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New PhD on children, ACL injuries and non-operative treatment


Håvard Moksnes defend his doctoral thesis "Functional and radiological outcomes following a non-operative treatment algorithm after ACL injuries in skeletally immature children" at the Norwegian School of Sport Sciences on May 24, 2013.


Why are ACL injuries in children different from adult injuries?



Alpine skiing and football have been identified as sports with the highest prevalence of ACL injuries in children.


An ACL injury in a skeletally immature child has to be handled different in children than adults because of the immature skeleton.


Surgical treatment involves the drilling of holes through the femur and tibia, which in skeletally immature children will incorporate an increased risk of complications such as growth disturbances.


In Norway and the Scandinavian countries it is more common to treat ACL injuries in skeletally immature children with primary non-operative treatment compared to the practice in southern Europe and the USA.


What are the outcomes of non-operative treatment after ACL injury in children?

Since 2006, Håvard Moksnes and co-workers have prospectively investigated knee function in 46 children who suffered an ACL injury at age 12 years and younger. The majority of injuries occurred during alpine skiing and football.


All children underwent an active rehabilitation program focusing on establishing dynamic knee stability and strength after the injury.


The children have been assessed with annual tests of muscle strength, single legged hop tests, and a monthly online activity survey.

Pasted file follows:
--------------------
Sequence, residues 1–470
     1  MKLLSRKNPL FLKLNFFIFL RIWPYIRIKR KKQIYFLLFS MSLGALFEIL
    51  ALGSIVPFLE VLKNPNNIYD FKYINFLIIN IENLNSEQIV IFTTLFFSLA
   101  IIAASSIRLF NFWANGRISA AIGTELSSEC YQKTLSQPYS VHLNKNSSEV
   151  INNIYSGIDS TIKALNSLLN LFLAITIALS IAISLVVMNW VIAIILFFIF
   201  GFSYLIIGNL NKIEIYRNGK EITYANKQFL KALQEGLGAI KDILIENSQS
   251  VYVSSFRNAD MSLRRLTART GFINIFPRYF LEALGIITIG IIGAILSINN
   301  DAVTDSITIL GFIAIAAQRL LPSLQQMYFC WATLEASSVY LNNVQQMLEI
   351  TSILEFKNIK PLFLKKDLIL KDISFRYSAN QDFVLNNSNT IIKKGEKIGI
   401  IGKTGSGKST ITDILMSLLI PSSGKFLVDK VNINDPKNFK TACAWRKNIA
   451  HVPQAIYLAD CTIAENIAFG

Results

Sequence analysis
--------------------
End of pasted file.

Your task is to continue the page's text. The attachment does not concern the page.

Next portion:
Additionally, high resolution MRI investigations have been performed throughout the project.


Majority of children regained strength and knee function

The main results show that the vast majority of children regained adequate muscle strength and knee function following the rehabilitation program, and 88% reported continued participation in sports and physical education in school throughout the project.


However, 1/3 also reported abandoning pivoting sports such as football and handball due to their knee injury. Secondary injuries to the menisci were low compared to previous studies in children with ACL injury.


13 children underwent surgical reconstruction during the follow-up period due to recurrent knee instability. No growth disturbances have been observed.


Future perspectives

This study in the world’s largest in which children have been assessed through a non-operative treatment algorithm following ACL injury. The results are encouraging as children continued to uphold an active lifestyle with few restraints after completing the rehabilitation program. 


The research group will continue the development of adequate treatment options and search for preventive measures to decrease the risk for serious knee injuries in the future.



The current project was initiated in 2006 with Professor May Arna Risberg and Professor Lars Engebretsen as supervisors.


Read more about Håvard´s projects.



Trial lecture and PhD defense May 24, 2013

10:15-11:00: "Give an overview of different functional tests used in clinical settings for subjects with knee injury. Discuss validity and reliability of these tests and to what extent they can be used in children, adolescents and adults. In case you consider existing tests inadequate, discuss how to develop and evaluate a valid assessment method"

13:00-16:00: PhD presentation and defense


Dissertaition Committee

Chair: Lars Bo Andersen (Norges idrettshøgskole)

1. opponent: Mininder S. Kocher, MD, MPH. Boston Children's Hospital, USA
2. opponent: Eva Weidenhielm Broström, PT, PhD, Karolinska Institutet, Department of Women's and Children's Health, Sweden

Both the trial lecture and the PhDdefense is open for public.

Norges idrettshøgskole, Auditorium A